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European Commision studies proposals to regulate foreign investment

By Fu Jing in Brussels | | Updated: 2017-07-27 21:54

The European Commission has confirmed it has set up a working group to explore "possible actions" to screen foreign takeovers in strategic sectors.

Critics said any screening of foreign investment is directed at China but could be opposed by many member states, who don't want the commission getting involved in domestic matters.

European Commission President Jean-Claude Juncker will announce the proposals on Sept 13 when he delivers his annual state of union address to the European Parliament.

A European Commission source said that President Juncker had set up a dedicated Commissioners' group on trade and harnessing globalization to elaborate first possible actions."The objective is to present such possible actions at the time of the President's State of the Union speech in September," they said.

But analysts wonder if the European Commission can take any meaningful action. Fredrik Erixon, director of Brussels-based think tank European Center for International Political Economy, said: "It remains to be seen if the Commission proposal actually will work. Member states guard their sovereignty on these matters because, on inward investment, they often compete with each other and jockey to offer better advantages."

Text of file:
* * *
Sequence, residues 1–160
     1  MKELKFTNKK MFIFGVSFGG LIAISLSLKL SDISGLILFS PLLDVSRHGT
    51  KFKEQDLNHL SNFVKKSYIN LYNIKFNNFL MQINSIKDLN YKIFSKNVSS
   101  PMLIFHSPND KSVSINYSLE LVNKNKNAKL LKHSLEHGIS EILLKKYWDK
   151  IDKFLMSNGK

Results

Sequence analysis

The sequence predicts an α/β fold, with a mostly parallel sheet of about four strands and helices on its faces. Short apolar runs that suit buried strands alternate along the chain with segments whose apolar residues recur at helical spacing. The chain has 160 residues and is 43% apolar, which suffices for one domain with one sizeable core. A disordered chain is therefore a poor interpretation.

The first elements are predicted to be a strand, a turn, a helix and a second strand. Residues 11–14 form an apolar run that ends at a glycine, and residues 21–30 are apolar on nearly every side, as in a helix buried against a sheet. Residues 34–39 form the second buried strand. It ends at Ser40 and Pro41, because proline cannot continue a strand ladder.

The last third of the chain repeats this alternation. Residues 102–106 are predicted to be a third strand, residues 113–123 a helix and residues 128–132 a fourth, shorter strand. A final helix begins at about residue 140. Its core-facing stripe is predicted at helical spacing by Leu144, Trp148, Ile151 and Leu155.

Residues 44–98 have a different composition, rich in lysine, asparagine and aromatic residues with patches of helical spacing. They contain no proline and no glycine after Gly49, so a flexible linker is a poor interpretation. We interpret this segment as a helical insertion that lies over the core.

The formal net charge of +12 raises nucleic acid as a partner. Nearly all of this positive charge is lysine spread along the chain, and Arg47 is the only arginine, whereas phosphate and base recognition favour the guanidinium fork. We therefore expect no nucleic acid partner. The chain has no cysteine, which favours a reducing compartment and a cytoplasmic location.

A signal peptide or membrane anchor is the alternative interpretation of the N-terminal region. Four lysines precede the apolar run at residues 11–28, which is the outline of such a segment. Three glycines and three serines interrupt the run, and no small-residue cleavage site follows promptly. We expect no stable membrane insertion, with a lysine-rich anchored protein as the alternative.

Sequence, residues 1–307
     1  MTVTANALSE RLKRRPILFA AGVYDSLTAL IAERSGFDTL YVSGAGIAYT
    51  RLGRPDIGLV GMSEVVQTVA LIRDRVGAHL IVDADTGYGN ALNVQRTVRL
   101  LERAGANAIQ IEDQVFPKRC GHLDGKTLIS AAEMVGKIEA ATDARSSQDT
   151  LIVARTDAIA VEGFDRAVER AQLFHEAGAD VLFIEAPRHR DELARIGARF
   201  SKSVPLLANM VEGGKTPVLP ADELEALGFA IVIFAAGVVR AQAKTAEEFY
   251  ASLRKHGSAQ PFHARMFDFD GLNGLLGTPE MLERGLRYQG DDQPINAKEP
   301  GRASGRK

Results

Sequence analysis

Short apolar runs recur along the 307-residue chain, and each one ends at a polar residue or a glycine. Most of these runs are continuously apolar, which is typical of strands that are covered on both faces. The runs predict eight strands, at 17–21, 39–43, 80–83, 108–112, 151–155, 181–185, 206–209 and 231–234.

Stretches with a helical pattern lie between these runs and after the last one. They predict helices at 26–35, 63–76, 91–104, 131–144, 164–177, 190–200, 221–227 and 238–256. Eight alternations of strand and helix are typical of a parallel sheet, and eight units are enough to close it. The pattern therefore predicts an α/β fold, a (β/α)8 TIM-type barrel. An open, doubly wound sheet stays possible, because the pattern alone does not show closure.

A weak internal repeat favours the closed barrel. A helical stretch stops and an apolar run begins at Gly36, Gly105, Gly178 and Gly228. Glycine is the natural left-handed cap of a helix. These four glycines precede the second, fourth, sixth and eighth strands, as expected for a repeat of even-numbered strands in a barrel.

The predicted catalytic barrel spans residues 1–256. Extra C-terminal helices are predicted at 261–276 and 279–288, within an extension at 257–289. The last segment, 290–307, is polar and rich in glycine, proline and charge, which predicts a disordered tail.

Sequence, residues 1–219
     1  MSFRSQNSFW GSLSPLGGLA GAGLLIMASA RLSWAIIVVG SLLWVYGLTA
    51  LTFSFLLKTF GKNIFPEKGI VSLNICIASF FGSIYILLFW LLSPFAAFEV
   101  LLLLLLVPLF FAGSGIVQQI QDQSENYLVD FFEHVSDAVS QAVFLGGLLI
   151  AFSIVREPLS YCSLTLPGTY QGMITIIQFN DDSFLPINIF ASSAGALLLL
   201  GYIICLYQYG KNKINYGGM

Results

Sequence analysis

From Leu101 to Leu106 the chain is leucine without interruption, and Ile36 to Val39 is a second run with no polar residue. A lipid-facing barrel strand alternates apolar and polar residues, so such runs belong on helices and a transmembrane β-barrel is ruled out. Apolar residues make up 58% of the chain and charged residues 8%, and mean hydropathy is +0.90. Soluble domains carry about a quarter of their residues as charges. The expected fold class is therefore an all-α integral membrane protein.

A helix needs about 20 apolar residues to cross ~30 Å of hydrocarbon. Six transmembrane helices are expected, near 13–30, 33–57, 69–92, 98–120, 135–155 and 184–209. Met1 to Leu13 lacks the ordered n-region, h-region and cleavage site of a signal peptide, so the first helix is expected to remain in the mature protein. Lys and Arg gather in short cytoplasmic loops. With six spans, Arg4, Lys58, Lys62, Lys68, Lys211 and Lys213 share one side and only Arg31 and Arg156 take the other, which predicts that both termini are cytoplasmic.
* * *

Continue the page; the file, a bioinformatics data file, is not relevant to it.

While media in Europe has suggested that the bloc's strengthening of regulation in investment in strategic sectors is targeting China, Erixon said he thinks it is also aimed elsewhere.

"China is in the limelight because it has resourceful investors and because there has been a number of high-profile M&As by Chinese firms. But a policy like this is also argued on the basis of non-Chinese concerns," he said.

Erixon also said concerns about sovereignty and security concerns is an issue for member states, not the commission and countries such as France and Germany have resisted previous attempts at commission regulation.

Erixon said the policies are anti-growth and often it is protectionism masquerading as security policy. "If there is security concerns over investment today, member states have all the power they need to act and, in my view, the new attempt is just a ploy to get tighter controls over the ownership of companies where there simply is no security concerns," Erixon said.

Dries Lesage, director of the Ghent Institute for International Studies of the Ghent University in Belgium, cited the example of Chinese auto company Jeely's acquisition of Sweden's Volvo several years ago, which preserved a Belgian plant employing 5,000 workers. Lesage said, "We are not caring whether the investment is Chinese or Swedish. The result is that the jobs are safe."

Against the backdrop of United States' growing isolationism, Lesage urged the European Union to reshape its vision of foreign policy by actively engaging global powers, such as China and Russia, instead of following the US.

The European Commission source said it showed concerns in May about foreign investors, notably state-owned enterprises, taking over European companies "with key technologies for strategic reasons" but maintained that openness to foreign investmentwas a key principle for the EU.

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